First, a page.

Richard Taruskin entitled his 1988 polemical critique of the notion of ‘authenticity’ in the context of historically informed performance, ‘The Pastness of the Present and the Presence of the Past’.
As the editor of Opera magazine, John Allison, notes in his editorial in the June issue, Donizetti fans are currently spoilt for choice, enjoying a ‘Donizetti revival’ with productions of several of the composer’s lesser known works cropping up in houses around the world.
24 Apr 2005
“Fly, Thought, on Golden Wings” — Verdi’s Life told by Thomas Hampson
With a running time of 60 minutes, this DVD biographic feature on Verdi’s life might possibly be a satisfactory introductory piece for the newcomer to the great man and his art. Even then, the knowledge gained would barely form an outline to be filled in by much more study. However, if one would like a pretty travelogue of the sights and landscapes of Verdi’s Italian roots (with a side trip to Paris), plus a little time joining Thomas Hampson in admiring his own handsome self, Euroarts has a treat in store.
"Fly, Thought, on Golden Wings" — Verdi's Life told by Thomas Hampson
A film by Felix Breisach
Euroarts DVD 2051047
With a running time of 60 minutes, this DVD biographic feature on Verdi's life might possibly be a satisfactory introductory piece for the newcomer to the great man and his art. Even then, the knowledge gained would barely form an outline to be filled in by much more study. However, if one would like a pretty travelogue of the sights and landscapes of Verdi's Italian roots (with a side trip to Paris), plus a little time joining Thomas Hampson in admiring his own handsome self, Euroarts has a treat in store.
The film has a simple format - Hampson in voice-over tells the story of Verdi's life, in chronological fashion, while the camera pans the countryside near his hometown or the streets of whatever city his career took him to. The film is attractive and high quality, although everything tends to look just a bit too neat and pretty. From time to time Hampson appears on screen, seated in a church pew or leaning against a column, to intone some passably profound commentary.
Most of that commentary, besides running through the basic facts of Verdi's life, focuses on economic/social class issues, and not without interest. As delineated by the narration, Verdi's life epitomizes the dictum, "Living well is the best revenge." Feeling the humbleness of his roots, from his youth Verdi searches out ways to use his innate musical gifts to push his way up the social ladder. The crowning glory for him, therefore, is to build his beautiful home in his hometown and have it become larger and more magnificent than any of those inhabited by the local aristocracy who had apparently patronized him.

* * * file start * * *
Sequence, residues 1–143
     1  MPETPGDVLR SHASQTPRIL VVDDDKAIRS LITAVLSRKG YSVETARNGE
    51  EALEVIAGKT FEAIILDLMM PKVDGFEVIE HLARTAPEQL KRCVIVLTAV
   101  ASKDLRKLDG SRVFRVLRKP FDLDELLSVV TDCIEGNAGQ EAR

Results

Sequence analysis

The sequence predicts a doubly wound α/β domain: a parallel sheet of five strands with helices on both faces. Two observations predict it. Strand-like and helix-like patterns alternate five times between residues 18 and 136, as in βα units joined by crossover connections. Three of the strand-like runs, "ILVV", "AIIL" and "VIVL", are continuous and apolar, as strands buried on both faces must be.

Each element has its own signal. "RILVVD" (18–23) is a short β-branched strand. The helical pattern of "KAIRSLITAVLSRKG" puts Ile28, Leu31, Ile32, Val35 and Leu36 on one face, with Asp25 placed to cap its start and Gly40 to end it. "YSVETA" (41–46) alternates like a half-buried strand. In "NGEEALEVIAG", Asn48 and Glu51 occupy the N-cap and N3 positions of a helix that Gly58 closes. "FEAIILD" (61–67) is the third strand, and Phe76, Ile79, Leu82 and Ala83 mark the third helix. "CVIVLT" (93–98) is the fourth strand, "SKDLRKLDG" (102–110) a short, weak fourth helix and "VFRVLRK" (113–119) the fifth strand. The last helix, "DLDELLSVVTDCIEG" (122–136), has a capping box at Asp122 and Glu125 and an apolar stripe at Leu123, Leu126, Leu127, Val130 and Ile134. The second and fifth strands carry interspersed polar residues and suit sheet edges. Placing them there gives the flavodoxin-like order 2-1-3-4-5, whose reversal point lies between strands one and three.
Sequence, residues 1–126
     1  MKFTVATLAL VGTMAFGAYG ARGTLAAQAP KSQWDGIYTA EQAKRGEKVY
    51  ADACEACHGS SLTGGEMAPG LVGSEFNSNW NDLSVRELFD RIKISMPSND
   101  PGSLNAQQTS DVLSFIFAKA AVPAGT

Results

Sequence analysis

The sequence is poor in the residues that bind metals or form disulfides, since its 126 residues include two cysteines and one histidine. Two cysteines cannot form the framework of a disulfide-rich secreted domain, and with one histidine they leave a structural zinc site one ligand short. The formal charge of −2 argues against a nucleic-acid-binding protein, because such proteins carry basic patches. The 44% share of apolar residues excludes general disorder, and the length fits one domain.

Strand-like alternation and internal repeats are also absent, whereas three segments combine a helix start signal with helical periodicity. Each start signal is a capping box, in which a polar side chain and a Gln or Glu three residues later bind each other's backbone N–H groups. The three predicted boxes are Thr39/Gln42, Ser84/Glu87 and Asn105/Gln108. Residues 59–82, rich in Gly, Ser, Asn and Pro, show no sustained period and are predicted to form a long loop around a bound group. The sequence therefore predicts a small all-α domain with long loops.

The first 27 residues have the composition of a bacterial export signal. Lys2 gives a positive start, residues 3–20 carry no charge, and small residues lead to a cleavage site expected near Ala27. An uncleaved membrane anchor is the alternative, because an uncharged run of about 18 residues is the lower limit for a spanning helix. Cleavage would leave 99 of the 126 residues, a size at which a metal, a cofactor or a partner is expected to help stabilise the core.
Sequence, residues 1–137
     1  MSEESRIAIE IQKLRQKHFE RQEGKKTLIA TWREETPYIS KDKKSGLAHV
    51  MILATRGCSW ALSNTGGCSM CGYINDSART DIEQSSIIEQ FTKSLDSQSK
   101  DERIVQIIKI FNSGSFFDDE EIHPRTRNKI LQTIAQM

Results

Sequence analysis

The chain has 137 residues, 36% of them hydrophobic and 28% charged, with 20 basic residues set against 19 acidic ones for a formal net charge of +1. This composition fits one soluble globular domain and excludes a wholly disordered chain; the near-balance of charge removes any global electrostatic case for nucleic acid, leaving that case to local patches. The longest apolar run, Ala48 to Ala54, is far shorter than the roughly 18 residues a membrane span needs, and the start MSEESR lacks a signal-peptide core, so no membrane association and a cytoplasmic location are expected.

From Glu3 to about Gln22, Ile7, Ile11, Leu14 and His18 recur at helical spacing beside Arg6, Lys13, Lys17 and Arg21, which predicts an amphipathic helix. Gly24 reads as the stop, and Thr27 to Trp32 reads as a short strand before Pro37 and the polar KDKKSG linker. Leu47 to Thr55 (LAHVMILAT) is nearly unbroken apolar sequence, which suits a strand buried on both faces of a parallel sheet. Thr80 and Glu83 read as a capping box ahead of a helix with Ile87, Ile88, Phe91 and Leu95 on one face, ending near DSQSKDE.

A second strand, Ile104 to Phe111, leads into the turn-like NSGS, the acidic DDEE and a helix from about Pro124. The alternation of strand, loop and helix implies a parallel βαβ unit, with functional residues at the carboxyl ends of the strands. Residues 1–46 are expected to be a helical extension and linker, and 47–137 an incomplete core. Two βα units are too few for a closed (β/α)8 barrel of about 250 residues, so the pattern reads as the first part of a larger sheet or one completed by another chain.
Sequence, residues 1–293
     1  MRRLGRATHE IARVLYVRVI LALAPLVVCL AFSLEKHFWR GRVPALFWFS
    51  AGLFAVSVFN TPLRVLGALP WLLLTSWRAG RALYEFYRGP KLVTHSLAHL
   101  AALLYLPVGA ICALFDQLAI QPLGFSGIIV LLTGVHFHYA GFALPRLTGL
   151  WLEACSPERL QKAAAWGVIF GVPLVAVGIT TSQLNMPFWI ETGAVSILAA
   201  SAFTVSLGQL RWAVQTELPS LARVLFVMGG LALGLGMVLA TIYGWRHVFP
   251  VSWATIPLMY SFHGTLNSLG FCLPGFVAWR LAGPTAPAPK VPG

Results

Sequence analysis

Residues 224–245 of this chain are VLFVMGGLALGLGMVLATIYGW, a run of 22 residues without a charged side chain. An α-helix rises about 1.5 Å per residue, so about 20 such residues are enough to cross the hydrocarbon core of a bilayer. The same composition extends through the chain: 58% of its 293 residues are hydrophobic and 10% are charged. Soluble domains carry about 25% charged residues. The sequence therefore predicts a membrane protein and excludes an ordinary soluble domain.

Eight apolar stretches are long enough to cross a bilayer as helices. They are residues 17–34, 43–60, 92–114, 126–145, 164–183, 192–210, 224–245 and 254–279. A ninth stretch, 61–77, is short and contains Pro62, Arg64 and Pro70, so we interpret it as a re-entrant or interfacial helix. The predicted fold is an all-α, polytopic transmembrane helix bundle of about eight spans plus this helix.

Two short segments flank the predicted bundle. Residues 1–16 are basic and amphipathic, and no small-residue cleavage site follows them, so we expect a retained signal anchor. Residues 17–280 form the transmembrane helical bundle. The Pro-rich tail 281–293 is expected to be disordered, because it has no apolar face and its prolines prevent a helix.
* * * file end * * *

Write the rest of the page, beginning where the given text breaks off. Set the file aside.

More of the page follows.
The quotes selected from Verdi himself tend to emphasize his brittle, cranky side, especially as regards his sojourns in Paris, trying to find that first big success outside his native Italy. Although not exactly focusing on "feet of clay," the film does tend to downplay the love and respect the man engendered, or at least it does until the description of his death.
The DVD cover trumpets the inclusion of four arias sung by Hampson. These are slipped in with no meaningful introduction. The four selections, in fact, come from Hampson's 2001 EMI release Verdi Arias, and Hampson, understandably, rather stiffly lip-synchs to the tracks. The Hampson voice glows with its fine amber tone through key arias from I due Foscari, Macbeth, Trovatore, (actually, sung in French), and Traviata. One can certainly question, however, what it means to have Verdi's art, best understood when heard with singers, confined to four baritone arias. The rest of the music offered is instrumental - the film opens, rather oddly, with the Traviata prelude over a beautiful scene of birches emerging from shallow water. Only the director, however, can explain why Rossini's overture to Barbiere appears early on, with no identification whatsoever.
The review copy came with no documentation of any kind other than the sparse info offered on front and back covers. The DVD has no subtitles, and so can only be recommended to English speakers. Finally, as a bonus, there is a brief trailer for an Aida staged at the Pyramids, with horses and elephants in numbers to make Zeffirelli die of jealousy. The tacky splendor of the scene can barely be described. Unfortunately, no singing is heard from a cast whose names were unfamiliar to your reviewer.
Only if the price for this DVD reflects its brief running time and lack of features should it be considered, and only then, as stated in the introduction, for those who need a brief, simple understanding of who this "Verdi" is. Other than that, this Euroarts DVD offers too little for even a modest investment of money or time.
Harbor Teacher Preparation Academy